Wow, was that a migraine?


Wow, was that a migraine?

Determining whether you have a migraine and, if so, what type of migraine, can be quite a complex process – really enough to give you a headache!

Though kicking off on a lighter note, those suffering from migraine attacks will attest to the seriousness of the condition and the total debilitating effect that they have on you!

There are two main categories of migraine, with and without aura. The “aura” refers to the symptoms that are present prior to the onset of the classic headache, in brief:

Migraine with Aura (Classic) – This means that there are symptoms that occur, leading up to a headache.

Migraine without Aura (Common) – this is the type of migraine that has no apparent prior symptoms and start with a bad headache.

What is an Aura?

There are a number of pre-headache symptoms that occur in migraines with aura. These pre-conditions are generally known as an “aura”. Some of the major aura symptoms are:

Hemiplegic Migraine –Presenting symptoms similar to a stroke.

Retinal or Ocular Migraine –Distortion of vision – bright flashes, black spots, temporary deterioration or loss of vision

Basilar Artery Migraine –Balance and nausea related sensors such as ringing in the ears, sensitivity to taste smell and touch.

If you have a migraine without aura, there are no predetermining factors?
Not quite, patients often experience fatigue, depression or bouts of anxiety, these are less reliable warnings.

What are the Main Symptoms?

The classic onset of a serious headache follows.
Pain is generally experienced to one side of the head, but this may intensify, with pain felt on both sides of the head and often behind one eye! The pain is intense and debilitating and goes well beyond the scope of a regular headache!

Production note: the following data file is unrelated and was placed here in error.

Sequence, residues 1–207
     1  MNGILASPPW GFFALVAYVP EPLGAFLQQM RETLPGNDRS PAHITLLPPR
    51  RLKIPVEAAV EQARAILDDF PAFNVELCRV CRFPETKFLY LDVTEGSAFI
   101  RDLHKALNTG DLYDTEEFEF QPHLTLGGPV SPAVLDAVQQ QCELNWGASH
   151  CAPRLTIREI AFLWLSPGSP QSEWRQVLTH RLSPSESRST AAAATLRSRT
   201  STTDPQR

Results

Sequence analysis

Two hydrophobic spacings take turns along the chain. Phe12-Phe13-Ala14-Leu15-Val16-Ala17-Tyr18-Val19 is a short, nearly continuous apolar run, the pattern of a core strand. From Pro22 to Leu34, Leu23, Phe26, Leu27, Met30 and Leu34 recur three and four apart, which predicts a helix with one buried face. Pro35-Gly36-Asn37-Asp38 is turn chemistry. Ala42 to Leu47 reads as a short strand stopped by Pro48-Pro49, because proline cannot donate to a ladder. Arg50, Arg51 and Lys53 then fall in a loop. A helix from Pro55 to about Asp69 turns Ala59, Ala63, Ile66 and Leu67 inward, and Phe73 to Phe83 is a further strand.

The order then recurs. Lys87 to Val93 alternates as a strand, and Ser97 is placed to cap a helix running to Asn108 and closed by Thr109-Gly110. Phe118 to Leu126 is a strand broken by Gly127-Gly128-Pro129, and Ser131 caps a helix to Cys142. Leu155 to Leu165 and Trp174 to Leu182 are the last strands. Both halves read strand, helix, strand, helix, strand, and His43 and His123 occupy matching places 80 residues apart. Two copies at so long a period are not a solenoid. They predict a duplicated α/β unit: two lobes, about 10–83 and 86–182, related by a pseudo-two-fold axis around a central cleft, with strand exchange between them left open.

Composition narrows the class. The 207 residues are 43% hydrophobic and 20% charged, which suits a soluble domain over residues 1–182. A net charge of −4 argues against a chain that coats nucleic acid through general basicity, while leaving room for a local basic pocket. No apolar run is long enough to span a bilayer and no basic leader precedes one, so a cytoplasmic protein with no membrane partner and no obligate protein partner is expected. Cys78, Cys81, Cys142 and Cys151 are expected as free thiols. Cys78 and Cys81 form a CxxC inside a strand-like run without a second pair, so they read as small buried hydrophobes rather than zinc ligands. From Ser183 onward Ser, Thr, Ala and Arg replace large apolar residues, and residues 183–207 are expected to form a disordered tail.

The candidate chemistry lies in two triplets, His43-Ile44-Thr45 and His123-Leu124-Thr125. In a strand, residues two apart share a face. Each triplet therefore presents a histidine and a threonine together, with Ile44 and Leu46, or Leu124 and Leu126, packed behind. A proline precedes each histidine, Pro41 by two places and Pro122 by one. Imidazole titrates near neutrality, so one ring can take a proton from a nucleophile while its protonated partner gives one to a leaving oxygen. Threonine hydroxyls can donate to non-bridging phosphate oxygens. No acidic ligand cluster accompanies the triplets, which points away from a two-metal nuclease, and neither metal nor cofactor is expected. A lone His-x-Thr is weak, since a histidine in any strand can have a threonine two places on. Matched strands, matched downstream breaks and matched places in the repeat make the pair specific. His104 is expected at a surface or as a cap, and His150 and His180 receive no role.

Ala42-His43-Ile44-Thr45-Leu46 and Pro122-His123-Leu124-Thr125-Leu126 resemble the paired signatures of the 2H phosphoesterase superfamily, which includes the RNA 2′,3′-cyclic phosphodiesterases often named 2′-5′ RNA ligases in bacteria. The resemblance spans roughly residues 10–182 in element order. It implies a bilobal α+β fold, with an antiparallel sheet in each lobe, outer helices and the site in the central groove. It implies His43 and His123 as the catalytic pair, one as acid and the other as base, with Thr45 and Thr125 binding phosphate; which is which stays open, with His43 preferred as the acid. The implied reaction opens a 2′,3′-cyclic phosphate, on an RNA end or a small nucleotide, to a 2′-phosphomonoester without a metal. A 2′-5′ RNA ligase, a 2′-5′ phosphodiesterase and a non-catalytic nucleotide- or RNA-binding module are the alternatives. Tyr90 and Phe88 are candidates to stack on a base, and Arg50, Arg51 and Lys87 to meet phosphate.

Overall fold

Nausea and vomiting are common and heightened sensitivity to smell and light are indicative.

Are headaches symptomatic of all migraines?
No, there is a “silent migraine” in which the typical symptoms of a migraine and often the aura phase is present, but without the headache.

What Causes Migraine Attacks?

There are no finite medical conclusions on the subject and the full causes are not known, but research has narrowed down a number of triggers that often lead to the onset of a migraine attack:

• Heightened emotional stress
• Excessive caffeine intake
• Food sensitivity
• Food additives
• Menstruation
• Fatigue

It is obviously helpful to try and avoid these trigger mechanisms as far as possible in order to manage migraine recurrence, but with the root cause unknown, sufferers are encouraged to rather look for early warning signs and narrow down treatments that best suit their condition.

What treatments are there available?
Over-the-counter pain relieving and anti-nausea drugs are most commonly used, but prescription drugs in chronic cases are often necessary. Regular sufferers may also use pre-emptive medication designed to prevent the onset of pain, when tell-tale signs are first detected.

There is ongoing research into Migraines to discover the cause.